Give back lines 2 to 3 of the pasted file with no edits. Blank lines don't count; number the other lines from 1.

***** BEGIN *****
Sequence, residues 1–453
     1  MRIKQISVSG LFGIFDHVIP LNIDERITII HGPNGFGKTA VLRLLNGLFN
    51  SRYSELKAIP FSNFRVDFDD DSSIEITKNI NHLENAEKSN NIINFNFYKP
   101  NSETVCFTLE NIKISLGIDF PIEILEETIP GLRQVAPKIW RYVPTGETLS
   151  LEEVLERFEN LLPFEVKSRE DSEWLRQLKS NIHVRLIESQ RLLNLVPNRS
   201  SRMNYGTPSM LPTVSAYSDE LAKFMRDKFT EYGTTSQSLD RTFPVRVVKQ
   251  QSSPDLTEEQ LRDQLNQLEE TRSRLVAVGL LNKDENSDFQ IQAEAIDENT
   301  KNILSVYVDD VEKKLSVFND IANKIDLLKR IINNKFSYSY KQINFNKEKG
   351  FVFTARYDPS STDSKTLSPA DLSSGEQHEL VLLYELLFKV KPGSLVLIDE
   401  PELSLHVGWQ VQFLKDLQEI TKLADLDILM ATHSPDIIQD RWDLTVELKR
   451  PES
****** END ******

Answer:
     1  MRIKQISVSG LFGIFDHVIP LNIDERITII HGPNGFGKTA VLRLLNGLFN
    51  SRYSELKAIP FSNFRVDFDD DSSIEITKNI NHLENAEKSN NIINFNFYKP